Easy 2-Tiered Cake


Guys, I know it can look daunting to create a multi-tiered cake. You watch these cake shows (ok, a select few of us watch the cake shows) and they are hammering all sorts of pipes, wooden posts or plastic to support the various layers. You can do this. I’m here for you. A 2-tier cake where the bottom layer is a 9-inch cake and the top layer is a 6-inch cake, is a cinch. All you need is the aforementioned pans (2 of each), a 6 in. cake board, a 10 in. cake board, 3 boxes of cake mix and a package of straws. Yup, straws will be your secret support weapon!

First, spray your pans with Pam or butter and then bang around some flour. If you bake 3 boxes of your favorite cake mix and divide the batter among these four pans, you will have the perfect amount of cake for a party of around people (depending on what sorts of cake-eaters you have on your hands). I followed this vanilla cake recipe that incorporates sour cream and buttermilk with the box mix to make the cake fluffy, tasty and super delicious. This cake was for my mother-in-law’s 70th birthday and her favorite is white cake with white frosting. And so it shall be!


I just want to take a quick moment to praise the handiness of the egg separator. I am not a fancy chef who can separate eggs by passing the yolks back and forth within 2 shell halves. I crack my egg, I put the goods in this separator and the whites ooze out the sides. I place the yolks off to the side for maybe some custardy cream… or throw them out. Whatever you want. But if I’m doing a white cake, I am separating out those yolks and I’m doin’ it with this guy.


To make your cake board a little fancier, you simply take aluminum foil, cut it into a circle and tape that baby to the underside. So shiny! So fancy!


After cakes are baked and cooled, it’s a good idea to “scalp” the tops of your cakes so they are flat on top. (The professional term is “torted” and you can see this video for more on this.) Once you have whipped up 3 batches of your favorite frosting recipe, start with your 9 in. cakes. Place one on your fancy aluminum foiled board and frost the scalped top. Then place your next 9 in. cake upside down. Your cake is now “filled” but needs a “crumb coat” of frosting as its first layer. Then place in the fridge for about 30 min.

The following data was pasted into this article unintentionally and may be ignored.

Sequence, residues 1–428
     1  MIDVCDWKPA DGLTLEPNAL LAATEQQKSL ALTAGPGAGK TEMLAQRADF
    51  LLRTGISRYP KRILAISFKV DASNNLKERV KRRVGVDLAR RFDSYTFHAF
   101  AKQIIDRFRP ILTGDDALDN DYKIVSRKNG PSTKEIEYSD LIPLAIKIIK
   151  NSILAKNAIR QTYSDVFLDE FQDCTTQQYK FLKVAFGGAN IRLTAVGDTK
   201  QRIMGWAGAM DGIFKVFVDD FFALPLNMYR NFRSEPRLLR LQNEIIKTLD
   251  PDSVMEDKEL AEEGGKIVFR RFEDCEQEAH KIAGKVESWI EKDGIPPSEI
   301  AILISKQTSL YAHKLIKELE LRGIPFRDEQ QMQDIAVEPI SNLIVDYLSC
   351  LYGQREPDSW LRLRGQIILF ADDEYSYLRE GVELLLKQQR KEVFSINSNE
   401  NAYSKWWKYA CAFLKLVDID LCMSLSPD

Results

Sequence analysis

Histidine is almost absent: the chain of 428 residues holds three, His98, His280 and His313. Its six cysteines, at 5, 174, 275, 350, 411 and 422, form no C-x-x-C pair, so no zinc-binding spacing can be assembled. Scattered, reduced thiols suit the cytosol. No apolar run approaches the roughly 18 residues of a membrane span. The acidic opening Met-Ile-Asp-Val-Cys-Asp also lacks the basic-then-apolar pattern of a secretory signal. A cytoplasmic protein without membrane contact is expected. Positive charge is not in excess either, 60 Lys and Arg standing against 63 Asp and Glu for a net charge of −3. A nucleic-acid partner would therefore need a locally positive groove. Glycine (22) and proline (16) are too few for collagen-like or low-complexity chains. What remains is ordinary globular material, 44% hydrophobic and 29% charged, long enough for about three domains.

While 9 in. crumb-coated cake is chillin’, we’re going to do the same steps with the 6 in. cake: place one 6 in. cake (scalped side up) on your 6 in. cake board, frost the top, place second 6 in. cake upside down and begin your crumb coat. Hopefully, you have cleaned out a couple of fairly large spots in your fridge for both of these cakes to hang out. Here is the torted, filled and crumb-coated 6 in. cake on its 6 in. cake board:


Let’s do some decorating! Out comes the 9 in. cake and you can do another layer of frosting (that will not be filled with crumbs) or maybe something super impressive like ruffles or rosettes. I decided to do some colorful, spring rosettes for decoration. This video shows more on how to create rosettes, if you’d like to go that route. You will need the Wilton 1M tip, piping bags and a steady hand.


After 9 in. cake was all decorated, I took out the 6 in. cake and gave it a second coat of frosting (non-crumby coat). A tip to give it a smooth finish is to dip your spatula in a pint glass of water before smoothing it across the cake. Now time for some stacking! Get out your straws!

Place four straws in your first tier right where your second tier will sit. Grab a pair of scissors and cut your straws so they are level with the cake. You are now ready to stack! Get that second take up there – let’s do this!


You will want to do some sort of border around that 6 in. cake (I did simple dots) so you can’t see the cake board – and then decorate as you see fit! Go wild! Sprinkles, polka dots, fancy piping – the sky’s the limit!

Side note: Is it sad that the best lighting in the house is in the refrigerator? Eh. Oh well.


When it was time to cut the cake at the party, the guests insisted photos were taken of it… some with me. Who was I to refuse? Although it looks like the candles are very close to the photo of my mother-in-law (cake topper frame purchased at the supermarket’s baking aisle), I assure you that her face did not catch on fire.


My mother-in-law said it was the best cake she’s ever had in her 70 years. And that, my bloggos, warmed my little baker’s heart. <3